Current profile regulates iontophoretic delivery of amino acids across the skin

J. Hirvonen, F. Hueber, R. H. Guy

Research output: Contribution to journalArticlepeer-review


In most of the reported studies of iontophoresis, direct current (DC), continuously applied for a defined period, has been used. However, this current profile can result in skin polarization and irritation. Therefore, the impact of alternative current profiles in regulating the permeation of two charged amino acids, lysine and glutamic acid, has been studied. The current profiles considered were: (1) none (passive control); (2) DC; (3) square-wave alternating current (AC) with different bipolar duty cycles (i.e., +/- ratios); (4) sine-wave AC; and (5) pulsed DC with different on/off ratios. Drug flux (nmol/cm2 per h), cumulative drug permeation (%), and amount of the drug in the skin after iontophoresis were determined in vitro using hairless mouse skin. The principal findings were: (1) Iontophoretic transport can be significantly modified and regulated by the use of different current profiles. (2) In terms of total transmembrane drug delivery, constant DC is most efficient; pulsed DC, even at comparable charge, may not deliver as much drug as uninterrupted DC. (3) Square-wave and sine-wave AC profiles (again, at comparable total charge) result in comparable transport rates. (4) Lysine and glutamic acid fluxes are directly proportional to the unipolar square-wave (positive) duty cycle; with bipolar AC (positive and negative), measurable drug delivery requires a threshold of 50% positive duty cycle, whereafter amino acid delivery is linear to 100%. (5) The frequency (2.5-2500 Hz) does not significantly effect the delivery of these small molecules. Pulsed iontophoresis, bipolar or unipolar, may be used as an effective and, potentially, better tolerated means of transdermal drug delivery relative to constant DC. The iontophoretic delivery of charged species can be controlled over a wide range, therefore, by appropriate regulation of the current profile and/or duty cycle.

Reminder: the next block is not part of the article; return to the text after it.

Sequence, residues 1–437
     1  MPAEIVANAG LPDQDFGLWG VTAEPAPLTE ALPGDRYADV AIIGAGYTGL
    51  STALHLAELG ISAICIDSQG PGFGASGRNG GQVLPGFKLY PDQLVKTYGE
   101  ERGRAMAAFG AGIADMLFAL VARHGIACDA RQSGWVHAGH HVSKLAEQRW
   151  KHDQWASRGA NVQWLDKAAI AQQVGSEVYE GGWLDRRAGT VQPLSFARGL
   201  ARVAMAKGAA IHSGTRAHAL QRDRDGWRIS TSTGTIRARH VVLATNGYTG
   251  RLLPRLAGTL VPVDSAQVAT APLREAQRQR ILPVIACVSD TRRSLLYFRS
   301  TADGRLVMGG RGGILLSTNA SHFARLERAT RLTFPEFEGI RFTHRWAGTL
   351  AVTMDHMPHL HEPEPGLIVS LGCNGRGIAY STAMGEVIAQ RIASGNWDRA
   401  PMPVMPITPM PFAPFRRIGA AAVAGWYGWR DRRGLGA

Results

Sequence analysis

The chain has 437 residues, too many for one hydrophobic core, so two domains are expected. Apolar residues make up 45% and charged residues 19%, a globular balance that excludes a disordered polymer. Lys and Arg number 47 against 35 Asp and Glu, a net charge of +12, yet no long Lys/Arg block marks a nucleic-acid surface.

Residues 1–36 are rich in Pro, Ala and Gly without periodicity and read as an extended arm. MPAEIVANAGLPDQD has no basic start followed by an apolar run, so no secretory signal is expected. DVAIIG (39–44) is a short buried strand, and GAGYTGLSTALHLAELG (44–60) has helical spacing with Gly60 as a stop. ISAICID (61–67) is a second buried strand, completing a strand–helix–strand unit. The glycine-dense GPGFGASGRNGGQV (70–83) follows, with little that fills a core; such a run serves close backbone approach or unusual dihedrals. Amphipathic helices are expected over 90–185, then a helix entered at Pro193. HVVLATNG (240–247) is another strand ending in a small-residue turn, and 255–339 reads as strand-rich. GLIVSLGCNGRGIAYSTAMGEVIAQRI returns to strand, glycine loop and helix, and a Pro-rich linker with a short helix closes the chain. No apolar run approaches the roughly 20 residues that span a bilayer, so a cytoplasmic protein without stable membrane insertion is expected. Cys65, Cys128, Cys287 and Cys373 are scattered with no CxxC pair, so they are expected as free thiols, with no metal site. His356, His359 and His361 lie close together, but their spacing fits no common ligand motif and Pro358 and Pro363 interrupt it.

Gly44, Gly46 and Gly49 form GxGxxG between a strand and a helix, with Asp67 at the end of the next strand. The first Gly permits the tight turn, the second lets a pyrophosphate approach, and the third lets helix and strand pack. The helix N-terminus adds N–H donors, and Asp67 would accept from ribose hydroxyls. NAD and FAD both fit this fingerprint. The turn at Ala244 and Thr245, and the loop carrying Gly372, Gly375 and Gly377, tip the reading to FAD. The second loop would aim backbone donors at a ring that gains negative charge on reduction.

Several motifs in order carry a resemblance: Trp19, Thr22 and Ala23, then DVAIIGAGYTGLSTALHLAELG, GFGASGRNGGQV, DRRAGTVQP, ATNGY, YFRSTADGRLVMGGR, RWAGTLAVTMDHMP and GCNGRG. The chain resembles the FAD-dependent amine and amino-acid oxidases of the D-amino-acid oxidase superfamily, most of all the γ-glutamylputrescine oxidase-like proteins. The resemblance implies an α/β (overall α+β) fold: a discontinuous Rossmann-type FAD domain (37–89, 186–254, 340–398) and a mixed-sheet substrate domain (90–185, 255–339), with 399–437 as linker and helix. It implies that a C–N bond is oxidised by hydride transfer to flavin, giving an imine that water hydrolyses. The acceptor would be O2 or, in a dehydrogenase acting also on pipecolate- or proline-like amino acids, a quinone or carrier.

Original languageEnglish
Pages (from-to)239-249
Number of pages11
JournalJournal of Controlled Release
Issue number3
Publication statusPublished - 31 Dec 1995


  • Current profile
  • Glutamic acid
  • Iontophoresis
  • Lysine
  • Transdermal drug delivery

ASJC Scopus subject areas

  • Pharmaceutical Science


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